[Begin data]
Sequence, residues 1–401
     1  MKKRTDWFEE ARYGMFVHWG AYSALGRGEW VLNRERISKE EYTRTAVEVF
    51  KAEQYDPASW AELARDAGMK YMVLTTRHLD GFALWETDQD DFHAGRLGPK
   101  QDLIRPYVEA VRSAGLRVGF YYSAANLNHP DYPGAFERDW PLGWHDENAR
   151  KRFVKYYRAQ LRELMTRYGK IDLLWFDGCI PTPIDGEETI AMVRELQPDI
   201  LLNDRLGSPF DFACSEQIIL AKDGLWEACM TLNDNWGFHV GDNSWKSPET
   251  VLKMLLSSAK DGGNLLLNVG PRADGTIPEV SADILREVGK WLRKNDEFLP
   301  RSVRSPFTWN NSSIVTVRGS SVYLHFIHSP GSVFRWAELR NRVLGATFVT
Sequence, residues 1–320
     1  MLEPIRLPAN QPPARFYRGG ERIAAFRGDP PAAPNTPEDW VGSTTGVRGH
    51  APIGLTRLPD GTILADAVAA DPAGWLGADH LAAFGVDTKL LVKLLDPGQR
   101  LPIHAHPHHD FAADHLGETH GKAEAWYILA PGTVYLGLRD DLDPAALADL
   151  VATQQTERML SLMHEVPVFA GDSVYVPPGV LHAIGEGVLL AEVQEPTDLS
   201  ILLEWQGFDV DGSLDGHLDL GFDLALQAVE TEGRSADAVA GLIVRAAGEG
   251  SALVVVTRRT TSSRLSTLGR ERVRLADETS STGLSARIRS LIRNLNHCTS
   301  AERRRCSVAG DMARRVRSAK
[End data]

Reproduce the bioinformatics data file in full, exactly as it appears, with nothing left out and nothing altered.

Sequence, residues 1–401
     1  MKKRTDWFEE ARYGMFVHWG AYSALGRGEW VLNRERISKE EYTRTAVEVF
    51  KAEQYDPASW AELARDAGMK YMVLTTRHLD GFALWETDQD DFHAGRLGPK
   101  QDLIRPYVEA VRSAGLRVGF YYSAANLNHP DYPGAFERDW PLGWHDENAR
   151  KRFVKYYRAQ LRELMTRYGK IDLLWFDGCI PTPIDGEETI AMVRELQPDI
   201  LLNDRLGSPF DFACSEQIIL AKDGLWEACM TLNDNWGFHV GDNSWKSPET
   251  VLKMLLSSAK DGGNLLLNVG PRADGTIPEV SADILREVGK WLRKNDEFLP
   301  RSVRSPFTWN NSSIVTVRGS SVYLHFIHSP GSVFRWAELR NRVLGATFVT
Sequence, residues 1–320
     1  MLEPIRLPAN QPPARFYRGG ERIAAFRGDP PAAPNTPEDW VGSTTGVRGH
    51  APIGLTRLPD GTILADAVAA DPAGWLGADH LAAFGVDTKL LVKLLDPGQR
   101  LPIHAHPHHD FAADHLGETH GKAEAWYILA PGTVYLGLRD DLDPAALADL
   151  VATQQTERML SLMHEVPVFA GDSVYVPPGV LHAIGEGVLL AEVQEPTDLS
   201  ILLEWQGFDV DGSLDGHLDL GFDLALQAVE TEGRSADAVA GLIVRAAGEG
   251  SALVVVTRRT TSSRLSTLGR ERVRLADETS STGLSARIRS LIRNLNHCTS
   301  AERRRCSVAG DMARRVRSAK